"It's an unbelievable feeling," said winning pitcher Derek Lowe. "This is a tremendous feat. No more going to Yankee Stadium and having to listen to 1918, finally."
No Mr. Lowe, there will be no more of that, especially since 1918 was over eight decades ago. Vitamin C, the supplement, not the one-hit wonder, was not even discovered yet. Not to mention, women were not allowed to vote and the two other major sports leagues, the NFL and the NBA, were not even established.
To say that a lot of time has elapsed since the last Red Sox championship is an extreme understatement. It has definitely been a long time coming for several generations of Red Sox fans.
"We know people who are 90 years old who have just said: 'Just one championship before I die,'" proclaimed Red Sox chairman Tom Werner. Those long-suffering fans in Red Sox Nation can now enjoy the fulfillment of a Boston championship, which many thought would never happen in their lifetime.
"We just overcame what a lot of people could not even realize," said Johnny Damon, who led off Game 4 with a homerun to keep Boston's foot on the accelerator.
The Red Sox would add two more runs in the third inning on a double by Trot Nixon to extend the lead to 3-0. It proved to be more than enough for Lowe as he stifled the Cardinals' bats through seven spectacular innings, allowing no runs on three hits.
"We know how good the Cardinals are and we know that if they had a chance to score first, the momentum would have shifted in their favor," Damon said.
As it turned out, the momentum never shifted away from the Red Sox as they controlled the entire series in convincing fashion, becoming just the fourth team in World Series history to never allow a lead to the opposing team in any of the games. They reduced the Cardinals to mere chicks.
"We didn't set out in spring training to get to this moment and lose," Cardinals manager Tony La Russa said. "There's absolutely no consolation. We're bitterly disappointed."
After Lowe departed in the seventh frame, Bronson Arroyo and Alan Embree combined for a scoreless eighth inning. Former Giants farmhand Keith Foulke entered the ninth inning to nail down his first save of the series, and more importantly, retired the last batter to launch that elusive World Series victory for the Red Sox.
Foulke got Edgar Renteria to hit a chopper back to the mound and the first thing on the closer's mind was to get to first base safely. He underhanded the ball to first baseman Doug Mientkiewicz, then jumpstarted a celebration that released 86 years of frustration.
Manny Ramirez was named the series MVP after going 7-for-17 (.412 batting average) against St. Louis and extended his postseason hitting streak to 17 games, tying a major league record.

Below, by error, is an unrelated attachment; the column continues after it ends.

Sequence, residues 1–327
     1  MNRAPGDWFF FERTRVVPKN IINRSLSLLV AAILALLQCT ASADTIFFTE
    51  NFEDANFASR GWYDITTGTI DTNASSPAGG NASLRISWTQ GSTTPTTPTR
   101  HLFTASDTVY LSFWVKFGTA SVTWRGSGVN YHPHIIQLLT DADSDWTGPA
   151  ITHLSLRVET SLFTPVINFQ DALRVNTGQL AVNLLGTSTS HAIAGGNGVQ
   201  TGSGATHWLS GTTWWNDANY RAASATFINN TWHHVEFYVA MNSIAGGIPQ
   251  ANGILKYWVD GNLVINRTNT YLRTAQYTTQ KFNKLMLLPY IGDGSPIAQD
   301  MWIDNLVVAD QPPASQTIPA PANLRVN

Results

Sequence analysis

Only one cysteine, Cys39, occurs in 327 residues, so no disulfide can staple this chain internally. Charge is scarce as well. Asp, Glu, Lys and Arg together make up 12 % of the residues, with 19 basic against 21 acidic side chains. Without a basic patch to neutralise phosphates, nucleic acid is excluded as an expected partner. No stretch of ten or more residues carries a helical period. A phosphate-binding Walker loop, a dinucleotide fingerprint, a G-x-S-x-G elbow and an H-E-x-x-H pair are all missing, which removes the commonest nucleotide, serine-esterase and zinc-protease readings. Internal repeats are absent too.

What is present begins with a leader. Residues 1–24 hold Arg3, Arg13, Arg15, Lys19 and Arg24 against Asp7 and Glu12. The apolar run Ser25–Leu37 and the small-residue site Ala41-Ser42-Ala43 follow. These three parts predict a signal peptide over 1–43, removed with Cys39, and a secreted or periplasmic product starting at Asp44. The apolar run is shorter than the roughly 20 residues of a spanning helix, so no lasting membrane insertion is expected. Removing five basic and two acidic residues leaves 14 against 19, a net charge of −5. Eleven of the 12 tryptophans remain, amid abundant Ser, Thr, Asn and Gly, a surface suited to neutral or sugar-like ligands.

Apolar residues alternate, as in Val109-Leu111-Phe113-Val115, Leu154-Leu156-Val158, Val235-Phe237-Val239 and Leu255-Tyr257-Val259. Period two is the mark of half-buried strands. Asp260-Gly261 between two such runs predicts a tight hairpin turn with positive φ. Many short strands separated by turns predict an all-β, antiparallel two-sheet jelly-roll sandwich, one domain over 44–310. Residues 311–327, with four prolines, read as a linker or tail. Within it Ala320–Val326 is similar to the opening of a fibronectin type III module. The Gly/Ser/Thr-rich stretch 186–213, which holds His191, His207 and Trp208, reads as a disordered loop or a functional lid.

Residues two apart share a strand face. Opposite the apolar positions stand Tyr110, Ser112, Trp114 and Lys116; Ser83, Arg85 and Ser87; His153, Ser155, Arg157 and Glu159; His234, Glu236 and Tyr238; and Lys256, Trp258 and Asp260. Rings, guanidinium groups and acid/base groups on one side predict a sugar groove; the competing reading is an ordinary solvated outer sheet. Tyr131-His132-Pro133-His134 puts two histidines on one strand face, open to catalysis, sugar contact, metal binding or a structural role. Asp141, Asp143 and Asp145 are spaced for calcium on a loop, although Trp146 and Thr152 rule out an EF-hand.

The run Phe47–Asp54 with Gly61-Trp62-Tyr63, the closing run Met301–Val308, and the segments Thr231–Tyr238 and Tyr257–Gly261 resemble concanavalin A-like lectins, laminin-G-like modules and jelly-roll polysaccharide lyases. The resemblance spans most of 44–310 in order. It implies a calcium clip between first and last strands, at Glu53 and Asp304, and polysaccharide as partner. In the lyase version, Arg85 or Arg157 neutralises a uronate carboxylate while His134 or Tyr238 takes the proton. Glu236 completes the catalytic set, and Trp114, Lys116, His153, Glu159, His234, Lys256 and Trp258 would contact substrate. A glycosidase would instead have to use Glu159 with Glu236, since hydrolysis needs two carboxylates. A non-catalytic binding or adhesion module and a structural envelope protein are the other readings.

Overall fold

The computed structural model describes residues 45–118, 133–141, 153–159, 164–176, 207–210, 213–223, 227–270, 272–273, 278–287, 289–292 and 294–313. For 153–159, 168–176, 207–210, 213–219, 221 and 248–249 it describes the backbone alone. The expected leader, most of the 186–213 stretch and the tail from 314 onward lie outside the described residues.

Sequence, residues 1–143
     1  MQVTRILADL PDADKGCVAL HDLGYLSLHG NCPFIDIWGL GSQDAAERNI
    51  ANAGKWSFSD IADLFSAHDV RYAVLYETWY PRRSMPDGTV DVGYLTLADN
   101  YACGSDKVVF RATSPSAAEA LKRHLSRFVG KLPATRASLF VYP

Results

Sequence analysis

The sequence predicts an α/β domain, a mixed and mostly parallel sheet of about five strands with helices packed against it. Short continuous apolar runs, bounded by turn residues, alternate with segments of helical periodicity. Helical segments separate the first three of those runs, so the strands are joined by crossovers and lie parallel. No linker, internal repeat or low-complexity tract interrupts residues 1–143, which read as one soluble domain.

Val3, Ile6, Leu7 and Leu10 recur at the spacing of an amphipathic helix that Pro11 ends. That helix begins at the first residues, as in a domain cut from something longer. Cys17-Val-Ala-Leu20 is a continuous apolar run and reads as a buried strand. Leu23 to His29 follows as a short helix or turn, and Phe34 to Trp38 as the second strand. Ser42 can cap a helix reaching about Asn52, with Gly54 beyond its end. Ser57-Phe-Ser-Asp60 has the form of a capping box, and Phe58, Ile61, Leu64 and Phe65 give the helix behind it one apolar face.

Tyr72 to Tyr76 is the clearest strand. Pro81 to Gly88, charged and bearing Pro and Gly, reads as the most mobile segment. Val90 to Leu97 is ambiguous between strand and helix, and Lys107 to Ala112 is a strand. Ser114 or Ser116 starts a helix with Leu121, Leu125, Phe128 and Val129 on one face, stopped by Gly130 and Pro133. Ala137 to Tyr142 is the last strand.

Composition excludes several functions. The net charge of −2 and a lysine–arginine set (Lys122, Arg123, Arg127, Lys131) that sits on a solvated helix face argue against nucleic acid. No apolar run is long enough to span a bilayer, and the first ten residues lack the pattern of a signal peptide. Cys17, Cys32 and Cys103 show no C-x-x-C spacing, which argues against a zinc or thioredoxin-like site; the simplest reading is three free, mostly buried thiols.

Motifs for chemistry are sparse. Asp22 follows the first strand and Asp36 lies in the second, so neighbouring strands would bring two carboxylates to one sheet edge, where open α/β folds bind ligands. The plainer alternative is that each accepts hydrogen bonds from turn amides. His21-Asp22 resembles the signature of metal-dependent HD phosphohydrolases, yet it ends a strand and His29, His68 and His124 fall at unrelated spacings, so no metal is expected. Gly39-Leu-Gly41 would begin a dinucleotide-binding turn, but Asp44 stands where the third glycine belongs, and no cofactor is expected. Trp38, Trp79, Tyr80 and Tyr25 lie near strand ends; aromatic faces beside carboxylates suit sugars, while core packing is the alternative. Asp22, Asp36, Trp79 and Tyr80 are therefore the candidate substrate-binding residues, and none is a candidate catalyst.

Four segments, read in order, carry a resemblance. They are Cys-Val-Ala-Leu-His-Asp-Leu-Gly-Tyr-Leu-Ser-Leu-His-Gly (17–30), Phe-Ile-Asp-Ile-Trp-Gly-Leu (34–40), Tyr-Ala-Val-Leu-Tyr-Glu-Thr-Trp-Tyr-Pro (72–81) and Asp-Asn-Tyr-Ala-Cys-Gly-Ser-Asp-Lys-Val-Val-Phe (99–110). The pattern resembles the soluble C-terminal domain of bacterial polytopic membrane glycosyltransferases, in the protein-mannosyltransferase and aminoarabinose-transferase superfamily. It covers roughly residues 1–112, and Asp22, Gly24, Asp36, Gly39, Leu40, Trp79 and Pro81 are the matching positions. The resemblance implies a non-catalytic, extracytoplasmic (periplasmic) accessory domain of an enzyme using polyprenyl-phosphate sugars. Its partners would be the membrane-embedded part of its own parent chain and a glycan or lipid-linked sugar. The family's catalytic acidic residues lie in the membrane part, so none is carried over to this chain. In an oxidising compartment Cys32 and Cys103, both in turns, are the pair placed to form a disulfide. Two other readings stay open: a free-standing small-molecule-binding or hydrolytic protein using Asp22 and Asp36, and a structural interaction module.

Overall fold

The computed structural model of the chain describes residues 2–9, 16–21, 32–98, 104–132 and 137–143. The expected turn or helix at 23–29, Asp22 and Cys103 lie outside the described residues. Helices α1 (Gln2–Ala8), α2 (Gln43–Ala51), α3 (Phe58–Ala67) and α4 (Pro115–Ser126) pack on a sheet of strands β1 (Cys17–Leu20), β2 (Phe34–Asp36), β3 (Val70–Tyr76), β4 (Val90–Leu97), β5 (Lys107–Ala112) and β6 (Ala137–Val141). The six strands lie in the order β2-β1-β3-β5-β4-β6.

"I don't believe in curses," said the slugger. "I think you have to make your own destination and we did it. We believe in each other. We went out there, we played relaxed, and grinded it out."
The "team" concept confirmed the Red Sox party line as several members of the organization cited the "Believe-in-Team" philosophy in virtually all interviews during the post-game celebrations.
"You don't come back from 3-0 against the Yankees for yourself, you do it for the other 24 guys," Red Sox general manager Theo Epstein said. "These guys cared so much about each other and that's what makes it so special. I'm so happy for them."
Perhaps the most defining member of them all was ace pitcher Curt Schilling and all his "Red Sock" glory. When asked about his heroic efforts in pitching on an injured right ankle that requires surgery, he reaffirmed the unity in the clubhouse when he said: "We would have given everything we had of each other for each other. I'm so proud of being on the greatest team that has every played in Boston Red Sox history."
Indeed, Schilling was part of an historic team that dubbed itself "idiots" in honor of their fun-loving, care-free approach to the game. Red Sox manager Terry Francona said after the game: "As unique as everybody was, they came together as a ballclub. Nobody did anything to be different. They all did it as a ballclub."
In addition to being "idiots," the Red Sox had an affinity for growing their hair in not-so-fashionable lengths and styles, and as Francona intimated, they decided not to be different from each other and collectively grew their hairstyles in unorthodox ways. "Weâ're idiots this year," said Damon, perhaps the most infamous owner of hair-dos. "We were cowboys [last year], but you know what? When all is said and done, we are now the 2004 World Champions."
It's hard to argue with Damon's take on a ballclub that ended its season in story-book fashion, a happy ending even Stephen King could be proud of.
Phil Delacruz was a transplanted Giants fan, buried in the Southland. After four strenuous years in College, studying (read: partying), he's back in the beautiful "City by the Bay" – San Francisco. Do you think he should move back to LALA land? Or do you like him where he is now and appreciate the good reads? Either way, send him an e-mail at email@example.com to air out your frustrations or, more likely, songs of praise.
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